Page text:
The city of Addis Ababa. PHOTO/COURTESY
By ABDULHAKIM SHERMAN
Ethiopia’s capital Addis Ababa, a city of at least 3.4 million residents, is poised to build the first bus rapid transit line in east Africa.
Construction is currently estimated to start later this year after a planning process that began in 2015.
According to ENS, Ethiopia secured a US$50 million loan from the French Development Institute for the project in April 2015.
The bureau signed an agreement with the French company, SAFEGE SA, and two local contractors for design and construction of the BRT line in a city where some 60 percent of the populations now walks to their destinations.
Construction will begin with the 16 kilometer Wingate–Jemo route. Addis Ababa’s bus operator Sheger Express says rapid buses are expected to arrive at stations every two to three minutes.
Based on Addis Ababa’s Master Plan, seven bus rapid transit lines will be built by 2030, engineer Fekade Azeze, general manager of Addis Ababa Roads Authority, told the “Africa Business Forum.”
Addis Ababa officials are comfortable with being first on transportation breakthroughs. In 2015, the city launched the first Light Rail Transit in sub-Saharan Africa.
Addis Ababa is a member of the C40 Cities Network, a group of 90 of the world’s megacities committed to addressing climate change.
C40 recently partnered with the Addis Ababa Road and Transport Bureau to deliver a two-day workshop on measuring the greenhouse gas emission reduction benefits for Addis Ababa’s new Bus Rapid Transit system.
A total of 18 representatives from the Addis Ababa Road and Transport Bureau, the Transport Authority, the Institute of Technology and the Environmental Protection Authority learned how to use available data and make assumptions to demonstrate the impact of the BRT’s forecasted operations, construction and manufacturing on emissions, Gifti Nadi, C40 City adviser for Addis Ababa writes on the C40 Blog.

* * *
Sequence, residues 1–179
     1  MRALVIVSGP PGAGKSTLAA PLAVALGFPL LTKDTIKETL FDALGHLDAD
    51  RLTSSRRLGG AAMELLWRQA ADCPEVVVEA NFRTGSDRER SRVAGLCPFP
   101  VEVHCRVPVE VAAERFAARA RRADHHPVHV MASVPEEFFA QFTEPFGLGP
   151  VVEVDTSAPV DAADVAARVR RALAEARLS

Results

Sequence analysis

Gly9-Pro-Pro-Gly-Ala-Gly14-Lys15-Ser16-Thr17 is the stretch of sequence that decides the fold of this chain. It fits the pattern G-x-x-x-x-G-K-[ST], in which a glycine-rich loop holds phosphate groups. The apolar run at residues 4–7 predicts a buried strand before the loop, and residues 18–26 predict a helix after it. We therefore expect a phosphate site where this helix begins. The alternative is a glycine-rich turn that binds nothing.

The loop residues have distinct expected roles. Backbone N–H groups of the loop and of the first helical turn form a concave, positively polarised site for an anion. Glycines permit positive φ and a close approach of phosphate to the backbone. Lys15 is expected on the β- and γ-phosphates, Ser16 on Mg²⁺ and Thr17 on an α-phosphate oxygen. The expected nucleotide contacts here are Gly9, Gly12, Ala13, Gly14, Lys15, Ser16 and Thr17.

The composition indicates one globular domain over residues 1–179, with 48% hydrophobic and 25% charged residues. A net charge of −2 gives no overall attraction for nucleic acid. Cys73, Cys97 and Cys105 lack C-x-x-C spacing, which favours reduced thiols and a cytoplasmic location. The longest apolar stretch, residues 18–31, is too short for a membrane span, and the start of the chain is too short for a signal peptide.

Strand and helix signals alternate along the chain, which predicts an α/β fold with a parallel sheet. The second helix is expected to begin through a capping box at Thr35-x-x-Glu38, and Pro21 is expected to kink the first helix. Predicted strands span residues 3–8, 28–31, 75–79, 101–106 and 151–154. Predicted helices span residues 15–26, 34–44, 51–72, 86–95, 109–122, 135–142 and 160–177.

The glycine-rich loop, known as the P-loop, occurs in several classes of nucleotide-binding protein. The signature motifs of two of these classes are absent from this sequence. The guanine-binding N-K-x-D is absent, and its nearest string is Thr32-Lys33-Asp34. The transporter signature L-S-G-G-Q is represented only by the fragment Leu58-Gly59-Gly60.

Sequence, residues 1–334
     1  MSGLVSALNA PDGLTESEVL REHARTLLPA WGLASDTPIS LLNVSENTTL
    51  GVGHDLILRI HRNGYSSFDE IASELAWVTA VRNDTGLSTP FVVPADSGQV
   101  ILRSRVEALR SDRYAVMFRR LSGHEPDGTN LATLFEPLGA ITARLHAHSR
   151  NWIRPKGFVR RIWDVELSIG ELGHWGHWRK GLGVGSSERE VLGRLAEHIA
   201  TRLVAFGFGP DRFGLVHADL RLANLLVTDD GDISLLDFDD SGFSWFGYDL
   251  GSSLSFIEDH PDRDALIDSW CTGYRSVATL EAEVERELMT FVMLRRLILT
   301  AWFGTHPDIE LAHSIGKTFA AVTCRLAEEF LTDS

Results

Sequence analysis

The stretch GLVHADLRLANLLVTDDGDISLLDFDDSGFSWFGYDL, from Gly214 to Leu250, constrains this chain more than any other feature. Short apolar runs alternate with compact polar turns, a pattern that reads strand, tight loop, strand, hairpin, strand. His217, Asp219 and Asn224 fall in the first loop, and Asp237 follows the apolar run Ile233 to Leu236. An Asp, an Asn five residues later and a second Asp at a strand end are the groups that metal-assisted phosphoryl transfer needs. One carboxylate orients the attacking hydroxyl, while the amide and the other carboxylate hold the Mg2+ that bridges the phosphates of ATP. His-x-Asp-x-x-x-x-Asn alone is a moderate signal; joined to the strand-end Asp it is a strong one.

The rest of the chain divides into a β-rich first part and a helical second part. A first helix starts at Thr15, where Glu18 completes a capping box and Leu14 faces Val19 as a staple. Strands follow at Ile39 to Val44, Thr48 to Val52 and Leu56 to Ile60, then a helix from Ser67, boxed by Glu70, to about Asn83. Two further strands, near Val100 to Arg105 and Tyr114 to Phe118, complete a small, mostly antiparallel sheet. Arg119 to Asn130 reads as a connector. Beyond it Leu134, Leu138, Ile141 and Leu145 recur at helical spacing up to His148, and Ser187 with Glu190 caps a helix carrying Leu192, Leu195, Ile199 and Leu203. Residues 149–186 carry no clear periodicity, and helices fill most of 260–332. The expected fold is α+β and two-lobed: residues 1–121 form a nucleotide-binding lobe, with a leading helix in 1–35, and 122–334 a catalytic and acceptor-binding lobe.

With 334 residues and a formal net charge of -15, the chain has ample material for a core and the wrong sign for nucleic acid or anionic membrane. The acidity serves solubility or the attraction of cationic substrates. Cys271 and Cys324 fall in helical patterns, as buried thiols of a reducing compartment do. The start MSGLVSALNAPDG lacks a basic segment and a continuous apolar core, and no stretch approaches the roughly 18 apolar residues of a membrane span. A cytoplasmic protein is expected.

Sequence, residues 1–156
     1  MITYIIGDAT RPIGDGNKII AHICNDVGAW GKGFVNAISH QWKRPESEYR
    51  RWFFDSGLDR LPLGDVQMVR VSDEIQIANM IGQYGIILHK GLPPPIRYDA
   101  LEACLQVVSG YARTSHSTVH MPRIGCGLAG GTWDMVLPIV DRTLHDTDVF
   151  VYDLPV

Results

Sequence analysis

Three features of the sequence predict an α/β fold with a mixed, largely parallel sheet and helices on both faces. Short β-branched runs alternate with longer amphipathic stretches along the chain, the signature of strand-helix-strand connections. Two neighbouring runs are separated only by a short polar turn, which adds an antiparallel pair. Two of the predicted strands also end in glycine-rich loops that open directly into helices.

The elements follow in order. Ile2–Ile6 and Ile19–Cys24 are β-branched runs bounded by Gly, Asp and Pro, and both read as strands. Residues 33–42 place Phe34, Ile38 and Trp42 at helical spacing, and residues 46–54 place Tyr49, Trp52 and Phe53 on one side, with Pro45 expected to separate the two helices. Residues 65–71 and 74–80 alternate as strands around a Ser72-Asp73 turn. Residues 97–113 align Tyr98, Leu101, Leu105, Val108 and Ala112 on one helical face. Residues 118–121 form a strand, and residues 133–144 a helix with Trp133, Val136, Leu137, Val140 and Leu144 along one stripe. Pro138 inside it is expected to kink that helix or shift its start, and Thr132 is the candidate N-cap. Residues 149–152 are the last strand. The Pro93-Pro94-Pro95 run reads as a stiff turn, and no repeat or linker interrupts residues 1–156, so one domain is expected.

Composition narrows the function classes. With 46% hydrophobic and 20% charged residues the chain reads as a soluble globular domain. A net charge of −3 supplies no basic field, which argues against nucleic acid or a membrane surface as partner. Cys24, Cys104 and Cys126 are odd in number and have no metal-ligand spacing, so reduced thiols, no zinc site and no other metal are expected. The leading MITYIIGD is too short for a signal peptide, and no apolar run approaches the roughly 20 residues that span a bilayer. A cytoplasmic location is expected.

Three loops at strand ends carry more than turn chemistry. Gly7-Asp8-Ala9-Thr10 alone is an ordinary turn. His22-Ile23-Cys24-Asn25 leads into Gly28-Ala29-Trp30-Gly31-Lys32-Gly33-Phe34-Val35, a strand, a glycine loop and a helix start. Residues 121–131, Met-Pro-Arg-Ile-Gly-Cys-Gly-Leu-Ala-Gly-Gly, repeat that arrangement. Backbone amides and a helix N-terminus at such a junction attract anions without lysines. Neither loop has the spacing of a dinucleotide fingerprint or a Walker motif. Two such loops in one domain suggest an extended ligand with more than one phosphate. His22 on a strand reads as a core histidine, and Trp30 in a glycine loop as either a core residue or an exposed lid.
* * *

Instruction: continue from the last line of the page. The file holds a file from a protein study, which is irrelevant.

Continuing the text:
As a member of C40 since 2012, Addis Ababa can learn from other C40 cities on BRT design, technology use, integration, branding, public engagement and greenhouse gas measurement.
City officials have already visited and taken inspiration from BRT systems in Amman, Jordan; Johannesburg and Tswhane, South Africa; Buenos Aires, Argentina, and New Delhi, India.
Globally, the transportation sector is responsible for approximately 25 percent of global greenhouse gas emissions. Nadi points out that, “With rapid growth and urbanization, emissions from this sector have the potential to increase significantly.”
According to C40’s Deadline 2020 report, in emission reduction terms, BRT is the most effective transport program, delivering just over a third of all potential savings from in-city action.
Sheger Express buses include a ramp for passengers in wheelchairs, the first such service in East Africa. (PHOTO/COURTESY
Developing effective ways to transport residents around the Addis Ababa remains a priority for the city government.
As a city known for its high pedestrian rate and not for high emissions, writes Nadi, the discussion is centered around controlling rather than reducing future emissions growth. BRT can provide access and relief to pedestrians consisting of more than 60 percent modal share.
Unlike other developed cities, the challenge here is not to convince the relatively small number of private car users to switch to BRT. Bigger results are projected from the shift from one type of public transport to another – from minibuses to bus rapid transit.
For Dr. Solomon Zegeye, who heads Addis Ababa Road and Transport Bureau, there is more to BRT than engineering and design.
“Residents can more easily discuss impact on long term health, social and environmental stress related to transport,” he says. “Issues of equity and safety for vulnerable communities lie close to the heart of most.”
“Commuters are interested in knowing that time savings will lead to productivity and a potential increase in income and consumption,” said Zegeye.
“The potential for land value increase along the BRT corridor is key for investors,” he said. “This approach makes it easier to market the BRT from transport users to politicians.”
By the end of the C40 workshop, participants developed three baseline and policy scenarios to estimate the impact on emissions with or without the introduction of BRT.
Emission reduction estimates will be documented in a case study that will be shared with other cities undertaking a similar process.
Nadi says, “It is exciting to see where BRT will take Addis Ababa, and its citizens. One thing is for sure. It will help contribute to Addis Ababa’s transformation into a megacity leader in the next five to 10 years.”
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